Cardiac resynchronization therapy (CRT)
What is a CRT device?
Cardiac resynchronization therapy (CRT), also known as biventricular pacing, is an electrical method to coordinate and synchronize your heart’s contraction in an attempt to improve your symptoms of heart failure. Not everyone with heart failure is a candidate for CRT. Your physician will screen you based on tests including your ejection fraction and your 12-lead EKG. As well, you must have persistent heart failure despite maximal medication therapy.
As discussed in the previous "Your Heart" section, the heart has its own pacemaker comprised of specialized conduction cells in the top right atrium, known as the sinus node. The sinus node typically fires at a rate of 60–90 times per minute. This electrical depolarization wave leads to the contraction of the upper atria with the signal traversing the AV node, located in the center of the heart in between the upper and lower chambers, to the ventricles with synchronized ventricular contraction. In heart failure, this synchronized control of the pumping of the lower chambers can be disrupted, with a resultant delay in either left or right ventricular contraction. A representative 12-lead EKG finding of this contraction delay is the presence of left bundle branch block (LBBB). Left bundle branch block (seen as a widened QRS complex) suggests left ventricular contraction delay, with the right ventricular beginning contraction first. This resultant asynchronous and uncoordinated ventricular contraction can worsen heart failure or be the result of heart failure.
Biventricular pacing can be performed as either a biventricular pacemaker alone or a bundled device, a biventricular ICD. The primary difference is that the biventricular ICD has a generator that can perform defibrillation via the specialized right ventricular shocking coil lead. As with previously discussed pacemakers and ICD systems, an atrial lead can also be implanted if necessary.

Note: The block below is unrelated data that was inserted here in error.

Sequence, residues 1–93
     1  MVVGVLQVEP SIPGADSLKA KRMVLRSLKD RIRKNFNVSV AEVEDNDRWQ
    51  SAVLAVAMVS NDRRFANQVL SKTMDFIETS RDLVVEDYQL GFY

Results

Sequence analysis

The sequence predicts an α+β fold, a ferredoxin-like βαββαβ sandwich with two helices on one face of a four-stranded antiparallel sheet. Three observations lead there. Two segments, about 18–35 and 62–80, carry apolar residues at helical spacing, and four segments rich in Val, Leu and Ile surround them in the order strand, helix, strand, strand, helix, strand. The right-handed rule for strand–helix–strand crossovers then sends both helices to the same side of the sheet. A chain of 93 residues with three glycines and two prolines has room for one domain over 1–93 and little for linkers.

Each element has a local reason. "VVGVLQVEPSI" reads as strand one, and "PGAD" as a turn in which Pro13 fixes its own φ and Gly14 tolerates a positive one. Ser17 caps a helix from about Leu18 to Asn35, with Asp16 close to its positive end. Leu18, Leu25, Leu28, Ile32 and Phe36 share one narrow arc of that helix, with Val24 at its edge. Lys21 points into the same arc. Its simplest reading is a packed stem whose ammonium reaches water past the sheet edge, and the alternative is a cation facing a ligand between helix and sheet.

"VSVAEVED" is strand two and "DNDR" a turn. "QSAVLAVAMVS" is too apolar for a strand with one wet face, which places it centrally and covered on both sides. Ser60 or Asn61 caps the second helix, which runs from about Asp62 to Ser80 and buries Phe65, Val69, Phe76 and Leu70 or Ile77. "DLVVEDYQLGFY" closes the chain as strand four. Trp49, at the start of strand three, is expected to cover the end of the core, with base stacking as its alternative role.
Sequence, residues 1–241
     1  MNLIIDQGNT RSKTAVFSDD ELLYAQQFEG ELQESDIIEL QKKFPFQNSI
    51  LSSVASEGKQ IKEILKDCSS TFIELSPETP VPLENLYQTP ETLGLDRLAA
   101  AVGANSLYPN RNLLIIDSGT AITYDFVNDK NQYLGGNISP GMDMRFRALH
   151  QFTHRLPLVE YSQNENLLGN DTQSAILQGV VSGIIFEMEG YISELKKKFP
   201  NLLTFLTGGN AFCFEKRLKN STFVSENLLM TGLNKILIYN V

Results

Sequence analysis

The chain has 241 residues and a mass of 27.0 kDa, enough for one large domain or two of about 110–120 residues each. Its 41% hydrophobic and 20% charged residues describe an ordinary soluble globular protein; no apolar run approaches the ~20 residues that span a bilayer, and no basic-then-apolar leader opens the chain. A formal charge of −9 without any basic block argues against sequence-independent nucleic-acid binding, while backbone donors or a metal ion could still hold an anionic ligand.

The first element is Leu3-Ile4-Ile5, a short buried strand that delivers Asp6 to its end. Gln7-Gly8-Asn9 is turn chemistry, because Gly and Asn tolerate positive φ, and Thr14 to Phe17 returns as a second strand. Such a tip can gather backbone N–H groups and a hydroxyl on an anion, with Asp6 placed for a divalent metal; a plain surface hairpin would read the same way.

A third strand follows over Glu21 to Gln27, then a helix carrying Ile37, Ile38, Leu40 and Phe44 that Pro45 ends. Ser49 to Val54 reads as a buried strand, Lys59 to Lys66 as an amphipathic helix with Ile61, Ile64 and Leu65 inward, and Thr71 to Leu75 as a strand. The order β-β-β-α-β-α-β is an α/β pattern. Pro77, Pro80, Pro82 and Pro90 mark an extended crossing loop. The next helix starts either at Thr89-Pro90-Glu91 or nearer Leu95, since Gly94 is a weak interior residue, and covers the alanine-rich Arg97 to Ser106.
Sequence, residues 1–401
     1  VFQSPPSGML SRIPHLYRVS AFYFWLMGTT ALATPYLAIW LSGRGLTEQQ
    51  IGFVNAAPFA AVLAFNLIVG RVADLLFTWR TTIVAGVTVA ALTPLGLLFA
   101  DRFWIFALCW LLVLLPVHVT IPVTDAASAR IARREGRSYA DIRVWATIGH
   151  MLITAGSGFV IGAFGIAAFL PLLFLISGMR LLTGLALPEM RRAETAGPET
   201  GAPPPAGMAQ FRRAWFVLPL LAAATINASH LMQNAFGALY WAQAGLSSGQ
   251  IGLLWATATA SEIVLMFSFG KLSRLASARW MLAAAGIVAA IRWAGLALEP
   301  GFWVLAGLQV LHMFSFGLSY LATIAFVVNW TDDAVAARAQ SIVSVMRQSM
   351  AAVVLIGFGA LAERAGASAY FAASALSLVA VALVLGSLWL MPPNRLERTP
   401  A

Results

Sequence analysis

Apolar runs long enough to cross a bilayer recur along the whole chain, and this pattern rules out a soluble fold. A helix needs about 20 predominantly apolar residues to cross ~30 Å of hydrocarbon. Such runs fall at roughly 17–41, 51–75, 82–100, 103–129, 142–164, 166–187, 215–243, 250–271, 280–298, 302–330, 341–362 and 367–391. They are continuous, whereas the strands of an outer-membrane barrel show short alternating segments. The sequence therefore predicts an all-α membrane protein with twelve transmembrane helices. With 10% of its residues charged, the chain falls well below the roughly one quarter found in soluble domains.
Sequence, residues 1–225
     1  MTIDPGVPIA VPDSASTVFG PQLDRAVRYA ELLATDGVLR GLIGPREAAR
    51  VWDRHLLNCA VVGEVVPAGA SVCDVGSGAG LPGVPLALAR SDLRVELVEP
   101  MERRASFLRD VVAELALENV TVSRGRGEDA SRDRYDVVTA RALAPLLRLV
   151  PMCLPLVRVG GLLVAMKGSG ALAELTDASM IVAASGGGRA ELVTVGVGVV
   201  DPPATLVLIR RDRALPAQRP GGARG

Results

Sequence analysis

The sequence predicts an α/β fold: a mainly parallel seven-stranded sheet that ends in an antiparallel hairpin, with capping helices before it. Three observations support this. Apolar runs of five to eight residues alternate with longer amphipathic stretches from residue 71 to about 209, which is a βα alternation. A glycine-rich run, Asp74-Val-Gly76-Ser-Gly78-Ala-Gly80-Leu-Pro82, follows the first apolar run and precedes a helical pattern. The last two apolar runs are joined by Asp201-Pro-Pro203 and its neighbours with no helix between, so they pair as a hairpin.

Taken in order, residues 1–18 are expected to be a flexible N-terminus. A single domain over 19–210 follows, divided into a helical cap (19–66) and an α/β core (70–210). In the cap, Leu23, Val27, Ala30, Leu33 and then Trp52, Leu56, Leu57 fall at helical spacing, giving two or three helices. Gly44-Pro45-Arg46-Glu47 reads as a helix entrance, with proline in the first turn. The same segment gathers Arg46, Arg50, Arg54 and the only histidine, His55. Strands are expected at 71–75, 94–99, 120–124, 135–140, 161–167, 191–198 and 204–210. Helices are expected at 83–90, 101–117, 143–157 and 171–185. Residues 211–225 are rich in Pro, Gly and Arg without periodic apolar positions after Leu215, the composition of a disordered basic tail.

Figure 1. Chest X-ray of a CRT device in the chest.
A CRT device has a left ventricular pacemaker lead, also known as a "coronary sinus" lead. This lead is also implanted via the central veins of the chest. Under X-ray guidance, this specialized left ventricular pacing lead is placed into a structure known as the "coronary sinus". This structure is located in the right atrium and drains the blood supply of the heart. Consequently, the vein courses along the back side of the heart to the left ventricular wall. By accessing this vein, the left coronary sinus lead can be positioned along the left ventricular wall to provide selective pacing of the left ventricle that can be coordinated with the right ventricle via the right ventricular pacing lead . This resultant coordinated biventricular pacing can reduce the right and left ventricular electrical delay and improve cardiac function and symptoms of heart failure.
Figure 2. Illustration of a CRT device in the chest, with a left ventricular lead placed via the coronary sinus under X-ray guidance.
When is CRT the right choice?
Patients who qualify for CRT implant are based on studies done in particular subgroups of patients. They typically must satisfy the following:
- Depressed left ventricular ejection fraction < 35%
- Evidence of asynchronous, uncoordinated left and right ventricular contraction with left bundle branch block (LBBB) on 12-lead EKG
- Moderate to severe symptoms of heart failure, despite lifestyle changes and maximal medications
Figure 3. Panel A shows an EKG strip of LBBB in a patient with heart failure and dysynchronous ventricular contraction. With implantation of a CRT system, the patient's biventricular-paced EKG in Panel B shows narrowing of the QRS-complex with synchronous ventricular contraction.
About two-thirds of patients who undergo CRT implantation report improvement in their symptoms of heart failure. This can be immediate or take weeks as the cardiac muscle remodels. However, still a significant portion of those implanted, that is at least one-third, do not respond to biventricular pacing. Medical management and lifestyle modification is paramount and first-line therapy for congestive heart failure patients.